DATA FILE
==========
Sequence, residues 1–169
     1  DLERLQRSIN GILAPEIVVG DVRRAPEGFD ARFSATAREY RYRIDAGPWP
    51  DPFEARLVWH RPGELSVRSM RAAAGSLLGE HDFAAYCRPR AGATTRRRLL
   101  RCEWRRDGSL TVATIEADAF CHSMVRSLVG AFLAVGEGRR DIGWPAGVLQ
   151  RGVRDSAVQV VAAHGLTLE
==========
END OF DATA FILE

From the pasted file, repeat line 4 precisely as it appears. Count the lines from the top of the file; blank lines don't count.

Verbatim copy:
   101  RCEWRRDGSL TVATIEADAF CHSMVRSLVG AFLAVGEGRR DIGWPAGVLQ